Friday, August 02, 2013

Guest Post by Alan Tucker

Joe sez: I'm going to be taking a blogging break during August, but I've got twelve guest posts scheduled this month, so they'll appear as slotted.

Today it's Alan Tucker...

How to Become a Successful Writer

I know what you're thinking.

*groan* Here's another post about some guy who followed Joe's advice, wrote some books and made it big *yawn* If all that stuff really worked, I'd be rolling in dough by now.

Nope. Not what this post is about. Oh, and if you're the one wondering where you left your keys, check the bookshelf by the front door. That's usually where mine end up.

No, I haven't followed all of Joe's advice (some, not all) and no, I haven't made enough money writing to pay my mortgage or quit my day job. Most days I can buy myself a decent lunch. Yet, I consider myself a successful writer.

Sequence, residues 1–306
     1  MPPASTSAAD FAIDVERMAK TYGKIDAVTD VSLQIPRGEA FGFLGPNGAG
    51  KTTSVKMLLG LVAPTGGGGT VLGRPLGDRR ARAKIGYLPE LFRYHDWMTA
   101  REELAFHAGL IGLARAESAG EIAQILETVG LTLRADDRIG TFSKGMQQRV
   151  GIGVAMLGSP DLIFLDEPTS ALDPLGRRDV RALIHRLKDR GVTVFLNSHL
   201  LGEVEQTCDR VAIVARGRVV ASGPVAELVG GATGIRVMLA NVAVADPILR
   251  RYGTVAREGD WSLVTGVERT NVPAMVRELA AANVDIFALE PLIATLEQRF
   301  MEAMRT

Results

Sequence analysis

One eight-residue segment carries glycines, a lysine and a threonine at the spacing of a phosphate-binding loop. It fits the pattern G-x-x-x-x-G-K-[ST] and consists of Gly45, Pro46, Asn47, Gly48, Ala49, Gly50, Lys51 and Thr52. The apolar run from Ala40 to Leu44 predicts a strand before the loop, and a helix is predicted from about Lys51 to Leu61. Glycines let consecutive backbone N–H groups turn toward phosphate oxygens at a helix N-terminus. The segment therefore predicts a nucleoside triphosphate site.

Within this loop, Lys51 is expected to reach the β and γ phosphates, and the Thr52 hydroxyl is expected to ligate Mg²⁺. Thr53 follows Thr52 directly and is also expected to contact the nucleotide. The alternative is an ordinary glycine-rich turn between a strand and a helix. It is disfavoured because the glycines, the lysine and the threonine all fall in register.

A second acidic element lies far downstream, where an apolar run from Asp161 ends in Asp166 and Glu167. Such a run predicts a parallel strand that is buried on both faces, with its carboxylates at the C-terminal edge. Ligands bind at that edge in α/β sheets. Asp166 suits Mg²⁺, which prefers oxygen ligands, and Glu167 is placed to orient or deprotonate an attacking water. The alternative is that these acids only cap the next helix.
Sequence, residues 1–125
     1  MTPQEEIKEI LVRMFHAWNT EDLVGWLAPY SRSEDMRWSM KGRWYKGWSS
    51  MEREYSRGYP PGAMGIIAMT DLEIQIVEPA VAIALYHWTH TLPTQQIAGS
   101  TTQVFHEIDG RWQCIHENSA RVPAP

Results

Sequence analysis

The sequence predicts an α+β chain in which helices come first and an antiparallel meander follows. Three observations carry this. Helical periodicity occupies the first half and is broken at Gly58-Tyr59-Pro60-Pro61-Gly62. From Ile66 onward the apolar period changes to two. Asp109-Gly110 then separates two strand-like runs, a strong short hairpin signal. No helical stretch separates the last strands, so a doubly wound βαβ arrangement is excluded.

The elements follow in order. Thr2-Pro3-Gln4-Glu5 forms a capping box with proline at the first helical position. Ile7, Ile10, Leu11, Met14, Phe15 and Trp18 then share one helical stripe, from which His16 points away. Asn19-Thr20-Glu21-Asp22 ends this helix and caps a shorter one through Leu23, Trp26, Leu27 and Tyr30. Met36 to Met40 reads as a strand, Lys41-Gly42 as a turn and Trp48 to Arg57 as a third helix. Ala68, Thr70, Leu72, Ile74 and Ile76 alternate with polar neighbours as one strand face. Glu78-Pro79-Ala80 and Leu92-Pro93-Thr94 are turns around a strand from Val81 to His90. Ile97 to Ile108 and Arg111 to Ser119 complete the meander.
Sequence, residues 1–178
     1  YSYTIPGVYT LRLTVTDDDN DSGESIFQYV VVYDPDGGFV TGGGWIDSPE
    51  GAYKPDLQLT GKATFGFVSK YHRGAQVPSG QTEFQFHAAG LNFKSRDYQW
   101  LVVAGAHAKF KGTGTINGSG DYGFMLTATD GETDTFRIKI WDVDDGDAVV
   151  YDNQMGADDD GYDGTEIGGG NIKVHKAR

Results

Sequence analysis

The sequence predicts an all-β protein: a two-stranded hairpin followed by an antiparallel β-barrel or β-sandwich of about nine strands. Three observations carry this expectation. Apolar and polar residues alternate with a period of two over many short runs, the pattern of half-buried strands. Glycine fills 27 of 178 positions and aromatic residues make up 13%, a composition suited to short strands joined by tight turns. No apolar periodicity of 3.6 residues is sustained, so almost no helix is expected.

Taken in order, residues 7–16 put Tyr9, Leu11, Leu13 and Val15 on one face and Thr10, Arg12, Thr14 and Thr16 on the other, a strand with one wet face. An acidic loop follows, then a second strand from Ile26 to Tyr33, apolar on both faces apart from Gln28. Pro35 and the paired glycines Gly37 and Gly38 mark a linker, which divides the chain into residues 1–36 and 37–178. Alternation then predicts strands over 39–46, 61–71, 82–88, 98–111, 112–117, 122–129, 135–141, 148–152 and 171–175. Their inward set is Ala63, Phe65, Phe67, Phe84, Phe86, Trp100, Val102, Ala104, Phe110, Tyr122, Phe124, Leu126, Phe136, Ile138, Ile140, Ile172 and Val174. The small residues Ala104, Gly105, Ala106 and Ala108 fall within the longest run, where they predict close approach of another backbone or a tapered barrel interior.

Huh? What turnip truck did this guy fall off of? I want to do more than buy myself lunch, thank you very much!

Yeah, I get that. I'd love to bathe in a tub full of hundred dollar bills (Joe, don't tell me you haven't done that). But, here's the thing: writing isn't about the money. Joe's told us all countless times about the struggles he went through to get where he is — all with no guarantee of success ahead of time. Don't you think he would have done something different, something easier, if it was all just about making a buck?